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Contributors’ Notes Melissa Morphew has work forthcoming in Shenandoah, Florida Review, and Iron Horse Literary Review. She is the recipient of the 2005 W.B. Yeats Society Award in Poetry, and her latest book, Fathom, is due out from Turning Point Press in spring 2006. Mary Lee Myers graduated from Tufts University School of Medicine in 1967. The oldest member of her graduating class, she didn’t start to write until her retirement in 2001. Her experiences as a doctor in Mississippi, East Africa, and the inner city in Boston have enriched her memories and imagination. Brice Particelli is currently working on a travelogue about Kiribati that explores the nature of people’s desire for discovery. “Tapping a Flower” is an excerpt from the beginning of this book. He recently received his MFA in Fiction and has been published online at Brenda Sparks Prescott lives and writes in Cambridge, Massachusetts. Her fiction has appeared in Portland Magazine and is forthcoming in the Louisville Review. She has an MFA from the Stonecoast program at the University of Southern Maine and is currently working on a novelin-stories. Kristen Staby Rembold’s poetry has been published in Southern Poetry Review, Green Mountains Review, and other journals. She has published a novel, Felicity (Mid-List Press), and a poetry chapbook, Into This World (Hot Pepper Press). She is currently an MFA student in the Program for Writers at Warren Wilson College. Dwaine Rieves practices public health medicine in Washington, D.C. His poems have appeared in the Georgia Review, Callaloo, Chelsea, Virginia Quarterly Review and other publications. He was a winner of the River Styx International Poetry Award and a recipient of a fellowship from the D.C. Arts Commission. His manuscript, When the Eye Forms, was awarded the 2005 Tupelo Press Judge’s prize. Kathleen Rooney is the author of Reading with Oprah (University of Arkansas Press). Her poems have appeared recently or are forthcoming in 5 AM, Coe Review, Comstock Review, and Florida Review. Seth Sawyers, a former reporter, has an MFA from Old Dominion Crab Orchard Review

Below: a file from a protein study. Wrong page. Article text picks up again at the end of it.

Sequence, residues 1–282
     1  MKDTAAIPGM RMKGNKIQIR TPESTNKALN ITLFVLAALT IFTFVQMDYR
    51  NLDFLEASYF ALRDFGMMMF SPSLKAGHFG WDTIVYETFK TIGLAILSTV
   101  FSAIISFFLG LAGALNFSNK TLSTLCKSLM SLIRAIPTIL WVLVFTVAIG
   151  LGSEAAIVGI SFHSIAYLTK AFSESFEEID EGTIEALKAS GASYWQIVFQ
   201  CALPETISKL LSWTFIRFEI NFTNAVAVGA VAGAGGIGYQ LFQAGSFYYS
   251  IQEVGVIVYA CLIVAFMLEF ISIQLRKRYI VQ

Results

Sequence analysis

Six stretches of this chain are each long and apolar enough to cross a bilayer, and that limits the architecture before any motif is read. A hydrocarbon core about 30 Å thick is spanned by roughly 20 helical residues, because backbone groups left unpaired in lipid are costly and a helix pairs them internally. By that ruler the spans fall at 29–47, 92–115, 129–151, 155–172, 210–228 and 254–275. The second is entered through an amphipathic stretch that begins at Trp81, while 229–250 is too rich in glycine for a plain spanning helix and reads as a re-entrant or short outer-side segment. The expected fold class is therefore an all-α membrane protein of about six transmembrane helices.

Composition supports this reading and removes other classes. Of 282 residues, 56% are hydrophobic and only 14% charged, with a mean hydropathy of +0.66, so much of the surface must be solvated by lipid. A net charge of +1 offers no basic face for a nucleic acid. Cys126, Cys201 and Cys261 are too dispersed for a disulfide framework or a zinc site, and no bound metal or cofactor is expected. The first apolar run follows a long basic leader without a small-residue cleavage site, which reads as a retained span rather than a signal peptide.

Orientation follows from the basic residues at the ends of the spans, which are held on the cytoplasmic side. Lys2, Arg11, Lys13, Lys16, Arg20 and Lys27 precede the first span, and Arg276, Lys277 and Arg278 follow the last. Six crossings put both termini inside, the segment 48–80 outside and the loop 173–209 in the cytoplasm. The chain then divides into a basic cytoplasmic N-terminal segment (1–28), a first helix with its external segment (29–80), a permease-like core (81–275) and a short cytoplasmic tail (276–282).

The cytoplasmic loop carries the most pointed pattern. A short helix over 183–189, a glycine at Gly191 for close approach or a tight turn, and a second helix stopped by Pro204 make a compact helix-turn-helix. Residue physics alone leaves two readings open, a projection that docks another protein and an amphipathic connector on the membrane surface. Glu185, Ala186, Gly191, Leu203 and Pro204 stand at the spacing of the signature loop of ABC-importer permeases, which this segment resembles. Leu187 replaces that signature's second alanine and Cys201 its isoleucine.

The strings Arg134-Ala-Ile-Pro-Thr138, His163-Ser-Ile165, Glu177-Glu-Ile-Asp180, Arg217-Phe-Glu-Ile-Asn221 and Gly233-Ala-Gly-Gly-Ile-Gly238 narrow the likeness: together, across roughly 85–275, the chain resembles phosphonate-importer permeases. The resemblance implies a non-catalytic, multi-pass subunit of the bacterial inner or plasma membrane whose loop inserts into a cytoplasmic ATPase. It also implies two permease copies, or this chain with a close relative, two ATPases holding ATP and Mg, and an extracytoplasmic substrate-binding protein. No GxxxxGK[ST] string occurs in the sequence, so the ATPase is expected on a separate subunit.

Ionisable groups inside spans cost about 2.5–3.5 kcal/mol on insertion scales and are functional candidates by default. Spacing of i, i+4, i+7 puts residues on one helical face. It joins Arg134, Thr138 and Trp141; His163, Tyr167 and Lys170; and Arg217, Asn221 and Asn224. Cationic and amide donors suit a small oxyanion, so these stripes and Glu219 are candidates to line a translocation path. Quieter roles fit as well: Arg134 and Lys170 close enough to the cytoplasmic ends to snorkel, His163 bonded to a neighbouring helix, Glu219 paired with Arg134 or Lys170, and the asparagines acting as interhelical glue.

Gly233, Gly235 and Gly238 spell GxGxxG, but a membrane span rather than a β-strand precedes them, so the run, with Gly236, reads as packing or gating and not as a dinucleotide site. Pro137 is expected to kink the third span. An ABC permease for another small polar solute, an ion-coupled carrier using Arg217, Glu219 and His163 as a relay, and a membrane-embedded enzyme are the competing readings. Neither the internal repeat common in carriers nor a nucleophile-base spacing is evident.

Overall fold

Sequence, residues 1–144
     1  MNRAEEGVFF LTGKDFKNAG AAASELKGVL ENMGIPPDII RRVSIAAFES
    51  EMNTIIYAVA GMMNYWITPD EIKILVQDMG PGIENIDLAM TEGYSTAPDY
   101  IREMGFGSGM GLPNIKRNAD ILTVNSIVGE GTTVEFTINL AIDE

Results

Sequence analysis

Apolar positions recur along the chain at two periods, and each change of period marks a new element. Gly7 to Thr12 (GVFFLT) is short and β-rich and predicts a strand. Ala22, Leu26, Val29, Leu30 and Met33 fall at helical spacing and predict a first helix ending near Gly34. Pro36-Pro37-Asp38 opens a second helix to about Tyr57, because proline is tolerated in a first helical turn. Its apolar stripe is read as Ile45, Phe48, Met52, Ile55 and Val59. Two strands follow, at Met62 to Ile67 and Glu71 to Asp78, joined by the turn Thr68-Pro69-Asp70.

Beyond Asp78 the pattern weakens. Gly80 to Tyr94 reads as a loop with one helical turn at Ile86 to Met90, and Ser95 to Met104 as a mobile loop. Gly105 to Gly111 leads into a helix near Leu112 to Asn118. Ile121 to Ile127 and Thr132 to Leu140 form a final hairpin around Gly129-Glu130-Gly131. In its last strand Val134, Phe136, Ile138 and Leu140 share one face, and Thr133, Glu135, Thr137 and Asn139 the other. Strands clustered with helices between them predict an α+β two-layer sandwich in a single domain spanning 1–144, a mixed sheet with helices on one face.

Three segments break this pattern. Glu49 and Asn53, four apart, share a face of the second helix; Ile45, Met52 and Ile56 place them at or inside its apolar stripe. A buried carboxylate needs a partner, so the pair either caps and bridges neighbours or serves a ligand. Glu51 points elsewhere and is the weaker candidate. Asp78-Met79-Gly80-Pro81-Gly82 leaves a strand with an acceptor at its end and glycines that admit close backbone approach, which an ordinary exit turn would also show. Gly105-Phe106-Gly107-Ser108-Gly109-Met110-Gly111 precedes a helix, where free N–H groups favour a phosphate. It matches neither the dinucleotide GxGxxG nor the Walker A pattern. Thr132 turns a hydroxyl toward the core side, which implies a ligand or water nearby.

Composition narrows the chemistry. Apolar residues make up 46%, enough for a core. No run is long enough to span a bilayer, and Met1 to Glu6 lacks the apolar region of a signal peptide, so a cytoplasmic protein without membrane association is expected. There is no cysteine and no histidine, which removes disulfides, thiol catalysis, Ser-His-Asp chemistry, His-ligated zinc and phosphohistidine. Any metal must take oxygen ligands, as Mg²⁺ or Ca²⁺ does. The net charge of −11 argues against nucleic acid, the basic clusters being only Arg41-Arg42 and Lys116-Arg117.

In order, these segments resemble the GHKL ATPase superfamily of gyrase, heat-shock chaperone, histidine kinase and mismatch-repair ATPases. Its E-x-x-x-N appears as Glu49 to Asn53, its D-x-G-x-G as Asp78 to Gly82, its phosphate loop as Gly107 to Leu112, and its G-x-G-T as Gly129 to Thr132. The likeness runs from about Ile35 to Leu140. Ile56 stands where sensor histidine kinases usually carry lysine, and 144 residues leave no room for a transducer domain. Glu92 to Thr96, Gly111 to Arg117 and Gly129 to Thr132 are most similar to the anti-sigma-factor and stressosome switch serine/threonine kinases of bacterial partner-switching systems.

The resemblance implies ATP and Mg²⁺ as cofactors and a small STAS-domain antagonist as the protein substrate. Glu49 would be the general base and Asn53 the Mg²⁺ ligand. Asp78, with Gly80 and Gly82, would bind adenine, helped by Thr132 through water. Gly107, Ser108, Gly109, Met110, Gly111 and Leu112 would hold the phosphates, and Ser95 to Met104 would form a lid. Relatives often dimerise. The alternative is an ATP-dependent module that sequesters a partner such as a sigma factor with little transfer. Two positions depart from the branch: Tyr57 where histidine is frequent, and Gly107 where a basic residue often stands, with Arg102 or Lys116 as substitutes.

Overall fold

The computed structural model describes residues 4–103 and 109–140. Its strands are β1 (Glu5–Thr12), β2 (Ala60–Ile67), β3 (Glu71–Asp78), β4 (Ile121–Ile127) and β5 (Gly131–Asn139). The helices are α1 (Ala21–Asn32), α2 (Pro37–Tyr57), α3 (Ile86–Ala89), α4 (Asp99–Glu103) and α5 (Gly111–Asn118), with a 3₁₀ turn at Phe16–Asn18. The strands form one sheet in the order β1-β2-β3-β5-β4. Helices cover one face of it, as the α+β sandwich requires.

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Contributors’ Notes University. His personal essays have appeared or are forthcoming in the Jabberwock Review, River Teeth, Fourth Genre, Fugue, and Ninth Letter. He has recently completed a memoir, Young White Male. He lives in Baltimore, Maryland. Alex Shapiro received his MFA and served as a Fiction Fellow at the University of Montana. His work was nominated for America’s Best New Voices 2006. He currently resides in Chicago, Illinois, and he is the non-fiction editor for Sally Smits currently studies in the MFA program at the University of North Carolina Wilmington. Her poetry has appeared in the Penwood Review, Northwords, and Seedhouse; her nonfiction will be included in a forthcoming anthology, Home Is Where You’re Going. In 2004, she was awarded the Biennial Greensboro Award in Poetry. Susan B.A. Somers-Willett’s poems have appeared in Hayden’s Ferry Review, Spoon River Poetry Review, Cream City Review, Connecticut Review, and Beloit Poetry Journal, and she is winner of the 2005 Ann Stanford Poetry Prize. She currently teaches at the University of Illinois at Urbana-Champaign, where she is an Andrew W. Mellon Postdoctoral Fellow in the Humanities. Her debut collection, Roam, is forthcoming in March 2006 as part of the Crab Orchard Series in Poetry. Cathy Song is the author of Picture Bride (Yale University Press), Frameless Windows, Squares of Light (W.W. Norton), and School Figures and The Land of Bliss (both from the University of Pittsburgh Press). She lives with her family in Honolulu. Annette Spaulding-Convy lives on Puget Sound in Washington State. Her poems have appeared or are forthcoming in Prairie Schooner, North American Review, Seattle Review, and Pontoon 8: An Anthology of Washington State Poets. Susan Sterling received her MFA in fiction from the Program for Writers at Warren Wilson College. Her fiction and essays have most recently appeared in two anthologies, The Way Life Should Be, Stories by Contemporary Maine Writers and The Berkeley Literary Women’s Revolution: Essays from Marsha’s Salon. She lives in Waterville, Maine, with her husband, Paul Machlin, and is currently working on a novel. 236 ◆ Crab Orchard Review